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15th Apr 2024

French parliament backs return to NATO

  • France has been out of the organisation's military command for more than four decades (Photo: NATO)

The French National Assembly on Tuesday backed France's return to NATO's military structures, despite claims from the opposition that this would reduce the country's independence and align it with the US.

The deputies supported the move by 329 to 238 votes. The parliamentary vote was not obligatory and was scheduled in order to offer the opposition a chance to express their opinion due to the sensitivity of the issue in the country.

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But French President Nicolas Sarkozy had already hinted on several occasions that Paris was to make a complete return to NATO and confirmed the come-back last week.

With the large majority of Mr Sarkozy's conservative UMP party in the assembly, it was virtually guaranteed that the outcome would be affirmative, especially after Prime Minister Francois Fillon transformed the vote into a confidence motion on the government.

"Our nation doesn't take orders from anyone," Mr Fillon told the house in defence of the move.

"France will remain France, with its demand for truth and its demand for grandeur," he added.

Mr Fillon also confirmed that in exchange for returning to NATO's military structures, Paris would "doubtless" be given a key command in Norfolk, Virginia.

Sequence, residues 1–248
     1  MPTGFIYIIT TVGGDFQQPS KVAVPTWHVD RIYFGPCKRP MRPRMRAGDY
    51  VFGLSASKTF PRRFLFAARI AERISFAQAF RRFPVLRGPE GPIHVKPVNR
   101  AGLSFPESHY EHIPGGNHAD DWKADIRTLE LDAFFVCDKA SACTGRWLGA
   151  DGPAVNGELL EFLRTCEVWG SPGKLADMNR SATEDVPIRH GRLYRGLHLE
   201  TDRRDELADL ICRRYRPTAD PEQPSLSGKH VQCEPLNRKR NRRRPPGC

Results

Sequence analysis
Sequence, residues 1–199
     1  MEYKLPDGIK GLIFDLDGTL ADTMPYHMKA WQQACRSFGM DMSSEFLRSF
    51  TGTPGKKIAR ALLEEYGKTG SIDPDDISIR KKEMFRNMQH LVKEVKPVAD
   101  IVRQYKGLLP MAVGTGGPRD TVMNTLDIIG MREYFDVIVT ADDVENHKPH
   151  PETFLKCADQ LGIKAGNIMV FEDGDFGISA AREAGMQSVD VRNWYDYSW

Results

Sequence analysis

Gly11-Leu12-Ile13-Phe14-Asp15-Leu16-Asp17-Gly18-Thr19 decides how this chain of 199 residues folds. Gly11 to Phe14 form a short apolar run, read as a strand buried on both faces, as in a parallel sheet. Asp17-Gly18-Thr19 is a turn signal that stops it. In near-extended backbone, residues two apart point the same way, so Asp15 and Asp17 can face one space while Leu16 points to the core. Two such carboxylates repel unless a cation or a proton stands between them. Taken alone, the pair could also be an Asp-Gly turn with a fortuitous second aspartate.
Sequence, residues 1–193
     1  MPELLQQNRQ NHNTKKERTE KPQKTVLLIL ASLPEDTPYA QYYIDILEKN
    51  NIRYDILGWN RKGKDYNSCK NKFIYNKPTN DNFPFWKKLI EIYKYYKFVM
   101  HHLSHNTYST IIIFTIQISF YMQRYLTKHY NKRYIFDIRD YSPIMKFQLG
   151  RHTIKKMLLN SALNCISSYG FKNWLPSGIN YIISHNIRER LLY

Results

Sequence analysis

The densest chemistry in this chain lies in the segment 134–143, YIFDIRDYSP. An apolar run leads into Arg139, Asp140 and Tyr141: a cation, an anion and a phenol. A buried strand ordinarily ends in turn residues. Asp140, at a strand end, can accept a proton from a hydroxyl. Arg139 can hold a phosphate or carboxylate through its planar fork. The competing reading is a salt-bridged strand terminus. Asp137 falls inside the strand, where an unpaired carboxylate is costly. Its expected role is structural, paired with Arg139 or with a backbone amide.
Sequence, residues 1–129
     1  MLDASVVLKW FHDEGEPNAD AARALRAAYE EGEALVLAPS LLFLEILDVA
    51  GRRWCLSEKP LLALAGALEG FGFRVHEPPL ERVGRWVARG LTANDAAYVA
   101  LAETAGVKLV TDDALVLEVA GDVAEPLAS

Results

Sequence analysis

"We want to take our place where the future of NATO is discussed," he said.

France – one of NATO's founding members in 1949 – has been out of the organisation's military command for more than four decades.

In March 1966, in the middle of the Cold War, then-president Charles de Gaulle withdrew French forces in a bid to assert France's diplomatic and military autonomy and to protest against what he saw as US dominance emerging within the organisation.

But the country never left the overarching North Atlantic Alliance, which also has a strong political component. French forces have consistently been among the top five contributors to NATO operations – such as the presence in Afghanistan, where it currently has some 3,000 troops, and pays around 12 percent of the NATO budget, or around €2 billion per year.

"We send our soldiers onto the terrain but we don't participate in the committee where their objectives are decided?" Mr Sarkozy said last week.

"The time has come to end this situation. It is in the interest of France and the interest of Europe," he added.

French independence at stake, opposition says

The move has faced strong criticism, however, both from the opposition and from within the UMP party, with, notably, former premier Dominique de Villepin saying the decision would harm the independence of French foreign policy.

Another former prime minister, Laurent Fabius of the Socialist Party, said that by fully rejoining NATO, France would be "trivialised" and "aligned to the decisions of the United States."

"Our independence is at stake," he said.

For his part, Francois Bayrou, leader of the centrist Democratic Movement (MoDem) warned that the move would bring "very heavy consequences."

"I believe that France is abandoning something infinitely precious here, which was the sign of its independence. In exchange for what? Nothing," he added.

Prime minister Fillon defended the government's position, stressing that France would be "an ally, but not a vassal" and "loyal, but not dominated" by the US.

The French decision is to be formalised during NATO's 60th anniversary summit from 2-4 April in Strasbourg and Kehl, when the commands attributed to France are to be announced as well, according to defence minister Herve Morin.

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